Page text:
decided: June 21, 1974.
Appeal from judgment of sentence of Court of Common Pleas of Dauphin County, No. 2502 of 1972, in case of Commonwealth of Pennsylvania v. Barry Manns.
J. Richard Oare, Jr., Assistant Public Defender, and Richard D. Walker, Public Defender, for appellant.
Wallace B. Eldridge, III, Assistant District Attorney, Marion E. MacIntyre, Deputy District Attorney, and LeRoy S. Zimmerman, District Attorney, for Commonwealth, appellee.
Watkins, P. J., Jacobs, Hoffman, Cercone, Price, Van der Voort, and Spaeth, JJ. Opinion by Cercone, J.
[ 229 Pa. Super. Page 22]
This is an appeal from the judgment of sentence entered against the defendant on a charge of aggravated robbery.
On October 9, 1972, shortly after William Wright had opened his store, a man entered and pushed what appeared to Mr. Wright to be a .45 caliber pistol into his stomach. After Mr. Wright wisely gave the culprit all his money, the man fled to a waiting vehicle which then drove away. Mr. Wright immediately gave chase in his son's car, but was unable to keep up with the getaway car. He then returned to his store where he gave the police a description of the getaway car and the number of men that were in it. Shortly thereafter the police discovered the car with three men inside parked on a street in the vicinity of the crime. The police searched the men and found almost the precise amount of money which had been taken from Mr. Wright, sixty-four dollars, which was found stuffed into the socks of one of the men. Mr. Wright witnessed this search. Subsequently, Mr. Wright also identified the men at a pre-trial line-up.
After the men were transported "downtown," the police returned to the scene of the arrest in order to impound the car. The police then noticed an object under the car, which they discovered to be a loaded .45
[ 229 Pa. Super. Page 23]
caliber pistol and an extra clip of bullets wrapped in an orange towel. On the basis of all this evidence, the jury found the defendant guilty of aggravated robbery.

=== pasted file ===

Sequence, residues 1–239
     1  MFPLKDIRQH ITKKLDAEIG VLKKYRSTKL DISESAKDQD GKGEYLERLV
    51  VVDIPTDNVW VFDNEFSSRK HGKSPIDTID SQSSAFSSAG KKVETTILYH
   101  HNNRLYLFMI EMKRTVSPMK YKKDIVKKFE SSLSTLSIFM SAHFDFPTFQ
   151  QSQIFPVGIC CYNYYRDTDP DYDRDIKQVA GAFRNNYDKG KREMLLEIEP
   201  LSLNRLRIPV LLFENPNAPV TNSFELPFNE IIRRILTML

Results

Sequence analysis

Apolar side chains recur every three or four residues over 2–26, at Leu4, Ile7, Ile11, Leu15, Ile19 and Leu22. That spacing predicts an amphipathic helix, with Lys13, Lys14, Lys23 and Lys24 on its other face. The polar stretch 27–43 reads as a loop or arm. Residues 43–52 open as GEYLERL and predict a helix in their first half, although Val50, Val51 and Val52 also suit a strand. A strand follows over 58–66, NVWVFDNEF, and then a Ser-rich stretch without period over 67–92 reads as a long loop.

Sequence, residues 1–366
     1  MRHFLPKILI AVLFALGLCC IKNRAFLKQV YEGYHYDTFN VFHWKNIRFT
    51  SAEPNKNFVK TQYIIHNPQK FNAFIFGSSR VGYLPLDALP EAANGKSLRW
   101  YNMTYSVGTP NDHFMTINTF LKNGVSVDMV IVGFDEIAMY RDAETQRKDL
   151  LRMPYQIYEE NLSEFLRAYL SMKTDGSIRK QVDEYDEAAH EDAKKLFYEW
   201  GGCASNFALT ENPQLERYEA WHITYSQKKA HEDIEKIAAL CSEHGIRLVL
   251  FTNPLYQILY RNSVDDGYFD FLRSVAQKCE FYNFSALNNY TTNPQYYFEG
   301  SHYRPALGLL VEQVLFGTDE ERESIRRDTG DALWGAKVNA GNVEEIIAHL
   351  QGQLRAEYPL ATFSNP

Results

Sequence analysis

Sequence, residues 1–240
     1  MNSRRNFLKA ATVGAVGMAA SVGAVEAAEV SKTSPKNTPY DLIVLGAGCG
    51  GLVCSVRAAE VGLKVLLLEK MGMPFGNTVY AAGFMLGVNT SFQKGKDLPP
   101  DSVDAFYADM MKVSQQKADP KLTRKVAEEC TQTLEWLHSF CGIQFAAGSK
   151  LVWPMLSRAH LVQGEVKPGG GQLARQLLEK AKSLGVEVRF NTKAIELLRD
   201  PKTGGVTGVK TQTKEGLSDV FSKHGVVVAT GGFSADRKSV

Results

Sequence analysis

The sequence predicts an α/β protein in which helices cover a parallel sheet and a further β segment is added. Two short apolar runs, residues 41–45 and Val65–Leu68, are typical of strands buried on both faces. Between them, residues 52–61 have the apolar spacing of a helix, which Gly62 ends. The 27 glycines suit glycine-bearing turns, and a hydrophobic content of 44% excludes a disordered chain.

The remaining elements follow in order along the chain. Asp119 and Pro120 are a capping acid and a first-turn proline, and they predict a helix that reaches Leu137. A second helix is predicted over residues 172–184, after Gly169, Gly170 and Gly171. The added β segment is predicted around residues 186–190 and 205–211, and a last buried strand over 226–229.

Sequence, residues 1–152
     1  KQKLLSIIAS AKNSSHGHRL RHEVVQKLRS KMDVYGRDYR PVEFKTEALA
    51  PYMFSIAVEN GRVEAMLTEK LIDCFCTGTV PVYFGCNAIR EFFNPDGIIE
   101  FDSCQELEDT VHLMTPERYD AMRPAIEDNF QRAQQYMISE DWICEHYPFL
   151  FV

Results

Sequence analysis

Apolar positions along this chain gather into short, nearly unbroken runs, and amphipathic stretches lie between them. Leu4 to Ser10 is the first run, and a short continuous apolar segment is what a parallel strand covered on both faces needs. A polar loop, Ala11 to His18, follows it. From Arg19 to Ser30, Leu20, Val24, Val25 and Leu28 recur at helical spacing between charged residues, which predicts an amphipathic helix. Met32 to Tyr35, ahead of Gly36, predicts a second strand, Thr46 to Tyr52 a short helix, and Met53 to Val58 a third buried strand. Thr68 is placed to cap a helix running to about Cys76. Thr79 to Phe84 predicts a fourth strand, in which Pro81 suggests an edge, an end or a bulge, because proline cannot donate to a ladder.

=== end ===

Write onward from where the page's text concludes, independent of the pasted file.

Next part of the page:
The defendant raises two issues which merit some discussion: (1) Whether Mr. Wright's identification was tainted by his presence at the scene of the arrest; and (2) Whether a proper foundation was laid prior to admitting the pistol into evidence. We agree with the rulings of the lower court on both these questions and, therefore, affirm.*fn1
The propriety of the "show-up" identification by Mr. Wright depends principally upon its proximity to the time and place of the crime. In Russell v. United States, 408 F. 2d 1280 (D.C. Cir. 1969), the court pointed out that this procedure allows the police to promptly determine whether they may be taking the wrong man into custody. As the court indicated, such situations are "wholly distinguishable" from the procedure ruled constitutionally defective in Stovall v. Denno, 388 U.S. 293 (1967). In the instant case, the arrest was made near the scene of the crime and within forty minutes of its occurrence. The police could reasonably seek this identification while the robbery was fresh in the victim's mind. Especially in light of the good opportunity that the victim had to observe his assailant, we do not find the identification herein to be improper.
The defendant also contends that the court erred in allowing the Commonwealth to admit into evidence the .45 caliber pistol which was found under the car some fifteen minutes after the police left the site of the arrest. During that fifteen minute period the car was
[ 229 Pa. Super. Page 24]
left unattended, therefor the defendant argues that a proper foundation was not laid. In Commonwealth v. Ford, 451 Pa. 81 (1973), the Supreme Court held that positive testimony linking the weapon to the crime is not required prior to its introduction into evidence. A lack of such testimony affects only the weight of the evidence, not its admissibility. See also Commonwealth v. Ross, 266 Pa. 580 (1920); United States v. Gordon, 455 F. 2d 398 (8th Cir. 1972); United States v. Ramey, 414 F. 2d 792 (5th Cir. 1969). In the instant case, Mr. Wright's testimony that the robber used a .45 caliber pistol in the hold-up, combined with the testimony that the weapon was found under the car in which the appellant had been riding only fifteen minutes after the police left the vehicle, constituted a sufficient foundation for admitting the pistol into evidence. The jury, in weighing the evidence, could consider the fifteen minute hiatus as an opportunity for someone other than appellant or his cohorts to dispose of the pistol in that fashion. The probability of that occurring was a problem for the fact-finder, not the court.
The judgment of sentence is affirmed.
Judgment of sentence affirmed.